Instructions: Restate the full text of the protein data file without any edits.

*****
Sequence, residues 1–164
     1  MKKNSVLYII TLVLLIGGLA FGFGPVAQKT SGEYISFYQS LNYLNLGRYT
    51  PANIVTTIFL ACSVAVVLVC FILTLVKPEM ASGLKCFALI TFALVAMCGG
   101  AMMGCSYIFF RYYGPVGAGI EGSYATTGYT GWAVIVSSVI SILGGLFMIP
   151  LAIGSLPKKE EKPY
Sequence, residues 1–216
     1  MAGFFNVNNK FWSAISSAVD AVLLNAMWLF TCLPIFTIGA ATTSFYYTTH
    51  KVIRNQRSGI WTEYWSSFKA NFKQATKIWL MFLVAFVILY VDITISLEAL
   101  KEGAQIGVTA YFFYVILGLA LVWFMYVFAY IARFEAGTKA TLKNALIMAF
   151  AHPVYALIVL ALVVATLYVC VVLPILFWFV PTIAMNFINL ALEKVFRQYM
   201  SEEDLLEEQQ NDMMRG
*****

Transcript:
Sequence, residues 1–164
     1  MKKNSVLYII TLVLLIGGLA FGFGPVAQKT SGEYISFYQS LNYLNLGRYT
    51  PANIVTTIFL ACSVAVVLVC FILTLVKPEM ASGLKCFALI TFALVAMCGG
   101  AMMGCSYIFF RYYGPVGAGI EGSYATTGYT GWAVIVSSVI SILGGLFMIP
   151  LAIGSLPKKE EKPY
Sequence, residues 1–216
     1  MAGFFNVNNK FWSAISSAVD AVLLNAMWLF TCLPIFTIGA ATTSFYYTTH
    51  KVIRNQRSGI WTEYWSSFKA NFKQATKIWL MFLVAFVILY VDITISLEAL
   101  KEGAQIGVTA YFFYVILGLA LVWFMYVFAY IARFEAGTKA TLKNALIMAF
   151  AHPVYALIVL ALVVATLYVC VVLPILFWFV PTIAMNFINL ALEKVFRQYM
   201  SEEDLLEEQQ NDMMRG